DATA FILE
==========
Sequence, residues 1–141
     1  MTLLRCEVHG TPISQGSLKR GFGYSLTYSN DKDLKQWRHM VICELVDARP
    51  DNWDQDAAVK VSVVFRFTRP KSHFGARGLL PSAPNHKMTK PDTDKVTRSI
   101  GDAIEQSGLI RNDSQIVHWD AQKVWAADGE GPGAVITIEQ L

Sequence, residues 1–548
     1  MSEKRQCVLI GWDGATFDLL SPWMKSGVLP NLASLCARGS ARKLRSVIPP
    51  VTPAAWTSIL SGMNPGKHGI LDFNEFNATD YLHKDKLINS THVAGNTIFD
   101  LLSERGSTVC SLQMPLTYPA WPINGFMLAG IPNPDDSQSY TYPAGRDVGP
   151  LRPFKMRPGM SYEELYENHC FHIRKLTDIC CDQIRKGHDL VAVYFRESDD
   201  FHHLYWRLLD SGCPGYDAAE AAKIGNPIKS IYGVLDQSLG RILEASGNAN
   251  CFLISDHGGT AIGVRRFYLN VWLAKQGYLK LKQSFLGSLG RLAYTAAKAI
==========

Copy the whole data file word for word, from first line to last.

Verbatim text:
Sequence, residues 1–141
     1  MTLLRCEVHG TPISQGSLKR GFGYSLTYSN DKDLKQWRHM VICELVDARP
    51  DNWDQDAAVK VSVVFRFTRP KSHFGARGLL PSAPNHKMTK PDTDKVTRSI
   101  GDAIEQSGLI RNDSQIVHWD AQKVWAADGE GPGAVITIEQ L

Sequence, residues 1–548
     1  MSEKRQCVLI GWDGATFDLL SPWMKSGVLP NLASLCARGS ARKLRSVIPP
    51  VTPAAWTSIL SGMNPGKHGI LDFNEFNATD YLHKDKLINS THVAGNTIFD
   101  LLSERGSTVC SLQMPLTYPA WPINGFMLAG IPNPDDSQSY TYPAGRDVGP
   151  LRPFKMRPGM SYEELYENHC FHIRKLTDIC CDQIRKGHDL VAVYFRESDD
   201  FHHLYWRLLD SGCPGYDAAE AAKIGNPIKS IYGVLDQSLG RILEASGNAN
   251  CFLISDHGGT AIGVRRFYLN VWLAKQGYLK LKQSFLGSLG RLAYTAAKAI